Dr. Earl Joe Nelson had two offers to become a superintendent in July 2019 – one near family in Biloxi and the other the Clarksdale Municipal School District in the Delta.
And he chose us.
Both were failing districts with the Mississippi Department of Education, but the CMSD was 70 points away from a D and the district near family was seven points away from a D. Thanks to CMSD’s five board members, Nelson decided to come to Clarksdale.
Nelson spoke about his decision to be the CMSD superintendent, his experiences through a little more than one year on the job and his vision for the future at Clarksdale Baptist Church Sunday morning.
“I was really drawn to the five members of the board here,” Nelson said. “I’ve been around Mississippi and I was told that, not only do you want to be a part of a system, you want a system to be a part of you. Not only are you interviewing with them, you’re interviewing them as well.”
Nelson is in his 29th year in education after teaching at Biloxi High School for 11 years and being an administrator in the Pass Christian School District for 16 years. Both were A districts during Nelson’s tenure.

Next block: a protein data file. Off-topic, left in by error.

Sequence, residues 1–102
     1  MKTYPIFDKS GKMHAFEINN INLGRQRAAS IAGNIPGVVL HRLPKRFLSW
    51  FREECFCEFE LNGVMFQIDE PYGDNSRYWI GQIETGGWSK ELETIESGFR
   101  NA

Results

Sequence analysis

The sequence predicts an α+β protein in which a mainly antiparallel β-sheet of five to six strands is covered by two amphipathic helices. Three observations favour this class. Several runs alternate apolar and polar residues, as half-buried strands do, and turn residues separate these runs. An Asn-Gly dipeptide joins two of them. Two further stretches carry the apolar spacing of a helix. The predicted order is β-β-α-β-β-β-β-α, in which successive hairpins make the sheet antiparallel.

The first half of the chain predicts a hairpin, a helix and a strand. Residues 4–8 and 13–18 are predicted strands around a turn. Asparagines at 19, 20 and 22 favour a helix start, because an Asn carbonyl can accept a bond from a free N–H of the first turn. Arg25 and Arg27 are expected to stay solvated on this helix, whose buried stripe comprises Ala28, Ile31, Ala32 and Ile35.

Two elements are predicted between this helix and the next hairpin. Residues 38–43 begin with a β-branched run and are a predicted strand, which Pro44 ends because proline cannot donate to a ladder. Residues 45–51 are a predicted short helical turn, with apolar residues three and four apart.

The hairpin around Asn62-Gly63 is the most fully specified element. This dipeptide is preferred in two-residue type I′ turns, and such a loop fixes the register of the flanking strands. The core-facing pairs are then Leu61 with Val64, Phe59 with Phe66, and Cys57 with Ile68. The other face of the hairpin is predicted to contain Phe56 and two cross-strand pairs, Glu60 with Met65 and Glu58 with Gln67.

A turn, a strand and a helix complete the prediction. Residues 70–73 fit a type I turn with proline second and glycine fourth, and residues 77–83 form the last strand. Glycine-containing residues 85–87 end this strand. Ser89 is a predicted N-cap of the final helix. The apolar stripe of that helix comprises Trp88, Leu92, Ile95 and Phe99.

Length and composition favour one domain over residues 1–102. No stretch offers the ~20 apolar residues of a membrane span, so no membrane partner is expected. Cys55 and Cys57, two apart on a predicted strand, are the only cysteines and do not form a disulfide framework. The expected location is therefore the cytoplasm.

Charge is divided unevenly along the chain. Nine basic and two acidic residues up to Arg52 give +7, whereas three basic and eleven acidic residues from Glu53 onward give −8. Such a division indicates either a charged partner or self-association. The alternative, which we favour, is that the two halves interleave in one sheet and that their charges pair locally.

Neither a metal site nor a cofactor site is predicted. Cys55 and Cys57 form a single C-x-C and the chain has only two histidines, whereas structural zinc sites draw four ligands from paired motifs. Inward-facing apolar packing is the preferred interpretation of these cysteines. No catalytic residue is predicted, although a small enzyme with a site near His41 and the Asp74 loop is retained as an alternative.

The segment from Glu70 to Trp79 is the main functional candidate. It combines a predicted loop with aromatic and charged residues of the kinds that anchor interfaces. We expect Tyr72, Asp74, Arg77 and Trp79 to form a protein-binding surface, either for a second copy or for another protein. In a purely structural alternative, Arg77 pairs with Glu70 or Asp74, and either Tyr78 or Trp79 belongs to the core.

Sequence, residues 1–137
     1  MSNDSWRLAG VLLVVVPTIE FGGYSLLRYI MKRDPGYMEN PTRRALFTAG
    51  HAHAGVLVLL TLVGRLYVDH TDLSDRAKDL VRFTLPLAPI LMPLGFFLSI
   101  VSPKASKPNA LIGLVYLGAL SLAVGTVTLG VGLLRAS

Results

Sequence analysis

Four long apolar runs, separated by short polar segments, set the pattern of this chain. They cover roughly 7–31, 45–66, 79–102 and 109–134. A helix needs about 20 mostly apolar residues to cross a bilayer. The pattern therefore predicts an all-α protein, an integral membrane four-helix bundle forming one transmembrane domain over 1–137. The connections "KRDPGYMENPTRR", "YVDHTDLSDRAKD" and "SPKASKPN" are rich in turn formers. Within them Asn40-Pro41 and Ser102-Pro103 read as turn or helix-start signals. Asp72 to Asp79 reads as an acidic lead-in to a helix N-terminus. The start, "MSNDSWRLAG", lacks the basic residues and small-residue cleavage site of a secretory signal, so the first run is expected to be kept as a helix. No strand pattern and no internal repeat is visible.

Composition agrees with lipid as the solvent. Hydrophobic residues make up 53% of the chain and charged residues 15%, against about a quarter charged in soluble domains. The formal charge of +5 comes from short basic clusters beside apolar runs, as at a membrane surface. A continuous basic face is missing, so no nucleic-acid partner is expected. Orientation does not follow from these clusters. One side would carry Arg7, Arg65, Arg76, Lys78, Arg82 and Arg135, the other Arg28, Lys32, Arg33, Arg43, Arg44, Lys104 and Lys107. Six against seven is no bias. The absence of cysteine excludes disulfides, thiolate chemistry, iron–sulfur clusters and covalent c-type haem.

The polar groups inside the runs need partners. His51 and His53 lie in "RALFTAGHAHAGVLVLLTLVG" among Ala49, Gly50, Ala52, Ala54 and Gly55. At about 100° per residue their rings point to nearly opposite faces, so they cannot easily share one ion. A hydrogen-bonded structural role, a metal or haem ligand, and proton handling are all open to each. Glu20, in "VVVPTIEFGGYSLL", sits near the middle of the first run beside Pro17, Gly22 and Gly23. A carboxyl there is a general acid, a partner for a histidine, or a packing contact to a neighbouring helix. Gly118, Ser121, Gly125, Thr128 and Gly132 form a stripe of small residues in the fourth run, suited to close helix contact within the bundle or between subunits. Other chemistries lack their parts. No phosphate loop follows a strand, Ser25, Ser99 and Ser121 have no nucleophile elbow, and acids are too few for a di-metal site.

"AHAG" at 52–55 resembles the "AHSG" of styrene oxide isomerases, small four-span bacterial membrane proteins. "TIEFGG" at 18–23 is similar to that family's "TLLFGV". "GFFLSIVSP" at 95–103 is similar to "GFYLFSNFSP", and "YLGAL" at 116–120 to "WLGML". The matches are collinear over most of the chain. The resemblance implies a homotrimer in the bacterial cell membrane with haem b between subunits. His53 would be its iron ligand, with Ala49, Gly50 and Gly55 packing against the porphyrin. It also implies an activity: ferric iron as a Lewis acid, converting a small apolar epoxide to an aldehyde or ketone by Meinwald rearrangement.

“You learn a lot in an A system,” Nelson said. “The things that you do, the mindset is different. How we look at education is different. If you look at all of our A systems in Mississippi, it’s the same. If you look at what curriculum they use, if you look at what books they use, it’s basically the same. Because here again, in A systems, they want to do what other A systems do. If you want to be successful, you want to follow what the most successful people do.”
Nelson said it has been very difficult bringing the same mentality to Clarksdale. He has also dealt with some health issues as he suffered a heart attack the week after beginning his tenure and had open heart surgery in February where he had a double valve replaces and a double bypass.
“Last school year was a rocky school year for me getting to know the system, being in the field working,” Nelson said.
Nelson said he had to quickly figured out what kind of staff he had and what he needed to fix.